When I was in high school, Robert Coles came to speak. Robert Coles is the child psychologist who worked with six-year-old Ruby Bridges in 1960, the year that she, by herself, integrated William Frantz Elementary School in New Orleans. The details of Ruby Bridges’ story are extraordinary.
Coles talked to a packed gym – standing room only. He spoke with a singular and memorable refrain:
Be kind, be kind, be kind.
Afterwards, in a more intimate discussion, a teacher challenged him. Life’s rough, he said. We’re trying to prepare these kids for that. You aren’t actually suggesting we be kind all the time? They parried; the teacher was angry and would not back down. The conversation, and the room, was heated and uncomfortable.
I searched “kindness” and this is what I found.
The word kindness in the congressional record is used for recognition, remembrance, protocol, and prayer. Recognition of the kindness of individual people, communities, and events. Remembrance of kindness in a eulogy. Protocol appears as “I thank the Senator for his kindness in yielding me the floor.” Prayer is kindness appearing in the daily opening prayer.
Rarer uses of kindness include the political use of “the kindness of strangers.” Representatives generally feel that the U.S. has become, or is at risk of becoming, overly dependent on the kindness of strangers. Kindness is also sometimes used to describe people’s actions during natural disasters or terrorist attacks.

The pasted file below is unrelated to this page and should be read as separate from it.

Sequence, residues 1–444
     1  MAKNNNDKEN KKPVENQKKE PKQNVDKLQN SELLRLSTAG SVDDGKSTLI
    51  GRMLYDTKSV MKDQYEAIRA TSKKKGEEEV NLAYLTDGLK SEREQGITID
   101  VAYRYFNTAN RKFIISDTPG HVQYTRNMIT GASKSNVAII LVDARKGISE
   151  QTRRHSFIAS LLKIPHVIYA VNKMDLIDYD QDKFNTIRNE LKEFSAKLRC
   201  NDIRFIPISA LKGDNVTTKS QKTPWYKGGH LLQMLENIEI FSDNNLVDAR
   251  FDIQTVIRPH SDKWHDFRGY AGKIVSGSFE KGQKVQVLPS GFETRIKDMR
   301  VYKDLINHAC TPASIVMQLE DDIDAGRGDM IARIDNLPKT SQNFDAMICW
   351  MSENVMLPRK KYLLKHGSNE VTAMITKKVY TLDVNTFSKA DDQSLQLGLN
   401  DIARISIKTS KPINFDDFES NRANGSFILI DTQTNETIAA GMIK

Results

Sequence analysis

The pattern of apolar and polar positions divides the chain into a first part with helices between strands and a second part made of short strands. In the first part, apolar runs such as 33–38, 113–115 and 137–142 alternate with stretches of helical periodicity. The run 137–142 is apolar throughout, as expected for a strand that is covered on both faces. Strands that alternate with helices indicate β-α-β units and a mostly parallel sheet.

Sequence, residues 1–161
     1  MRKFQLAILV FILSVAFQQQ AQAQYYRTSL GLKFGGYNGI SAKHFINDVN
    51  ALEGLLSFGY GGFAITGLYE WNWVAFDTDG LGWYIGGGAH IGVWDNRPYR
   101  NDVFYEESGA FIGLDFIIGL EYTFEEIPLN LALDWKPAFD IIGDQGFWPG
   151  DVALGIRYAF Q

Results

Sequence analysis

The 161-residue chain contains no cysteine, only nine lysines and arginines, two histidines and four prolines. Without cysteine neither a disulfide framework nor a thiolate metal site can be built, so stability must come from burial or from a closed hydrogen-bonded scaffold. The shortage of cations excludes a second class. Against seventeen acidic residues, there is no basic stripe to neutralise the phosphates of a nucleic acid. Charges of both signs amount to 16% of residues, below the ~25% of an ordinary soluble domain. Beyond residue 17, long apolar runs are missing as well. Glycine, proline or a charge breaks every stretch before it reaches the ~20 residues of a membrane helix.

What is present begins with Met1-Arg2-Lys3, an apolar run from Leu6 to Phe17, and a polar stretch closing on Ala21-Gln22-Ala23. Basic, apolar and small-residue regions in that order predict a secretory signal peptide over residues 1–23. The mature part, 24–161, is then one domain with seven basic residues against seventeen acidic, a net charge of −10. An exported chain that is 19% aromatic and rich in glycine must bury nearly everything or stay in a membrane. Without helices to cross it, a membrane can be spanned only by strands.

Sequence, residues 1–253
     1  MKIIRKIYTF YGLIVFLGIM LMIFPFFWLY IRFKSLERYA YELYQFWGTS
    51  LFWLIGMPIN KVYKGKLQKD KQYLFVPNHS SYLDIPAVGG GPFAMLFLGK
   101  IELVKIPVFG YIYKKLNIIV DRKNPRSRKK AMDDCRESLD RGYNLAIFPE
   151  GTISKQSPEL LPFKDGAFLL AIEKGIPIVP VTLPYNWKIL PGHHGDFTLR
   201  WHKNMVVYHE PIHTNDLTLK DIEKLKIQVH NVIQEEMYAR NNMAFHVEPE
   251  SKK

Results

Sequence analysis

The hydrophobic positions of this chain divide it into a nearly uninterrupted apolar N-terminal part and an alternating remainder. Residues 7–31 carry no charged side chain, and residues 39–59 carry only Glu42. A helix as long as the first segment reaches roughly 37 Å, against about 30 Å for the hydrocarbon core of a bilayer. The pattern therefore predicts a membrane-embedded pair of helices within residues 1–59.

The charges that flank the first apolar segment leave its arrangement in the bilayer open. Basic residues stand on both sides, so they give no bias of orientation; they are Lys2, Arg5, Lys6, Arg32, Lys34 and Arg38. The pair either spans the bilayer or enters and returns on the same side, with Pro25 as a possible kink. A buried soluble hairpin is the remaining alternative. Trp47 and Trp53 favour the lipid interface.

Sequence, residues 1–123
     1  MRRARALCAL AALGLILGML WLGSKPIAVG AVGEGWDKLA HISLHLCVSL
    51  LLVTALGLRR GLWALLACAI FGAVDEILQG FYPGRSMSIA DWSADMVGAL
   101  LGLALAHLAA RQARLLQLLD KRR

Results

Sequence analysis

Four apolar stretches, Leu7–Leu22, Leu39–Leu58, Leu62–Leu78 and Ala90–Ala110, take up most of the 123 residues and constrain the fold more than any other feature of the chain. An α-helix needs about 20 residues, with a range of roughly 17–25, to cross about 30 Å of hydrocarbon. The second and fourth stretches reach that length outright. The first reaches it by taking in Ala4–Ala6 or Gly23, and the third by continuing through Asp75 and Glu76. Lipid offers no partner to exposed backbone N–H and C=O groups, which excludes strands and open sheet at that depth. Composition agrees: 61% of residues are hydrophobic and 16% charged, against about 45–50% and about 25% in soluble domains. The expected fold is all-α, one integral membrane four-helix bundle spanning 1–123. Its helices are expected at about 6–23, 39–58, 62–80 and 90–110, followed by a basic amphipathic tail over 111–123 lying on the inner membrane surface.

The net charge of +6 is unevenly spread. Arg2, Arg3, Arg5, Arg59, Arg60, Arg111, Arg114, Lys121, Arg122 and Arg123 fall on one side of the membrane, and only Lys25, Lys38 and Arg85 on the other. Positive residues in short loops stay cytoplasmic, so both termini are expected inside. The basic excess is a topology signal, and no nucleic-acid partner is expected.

Congressional Kindness is a serendipity tool, and an experiment in small data, in showing the countability of kindness in the congressional record.
The lessons that teachers, researchers, supervisors–in fact any of us here in this House or elsewhere–can draw from David Waltz are not primarily about computer science and artificial intelligence. They are that the greatest creativity comes from inspiring others; the greatest technique of team-building is listening; the greatest innovation comes from devoting time to others’ ideas; and the greatest wisdom is kindness.
What was Robert Coles’ final answer to my questioning teacher?
Of course, kindness is hard. Kindness is complicated. But yes, it can be done.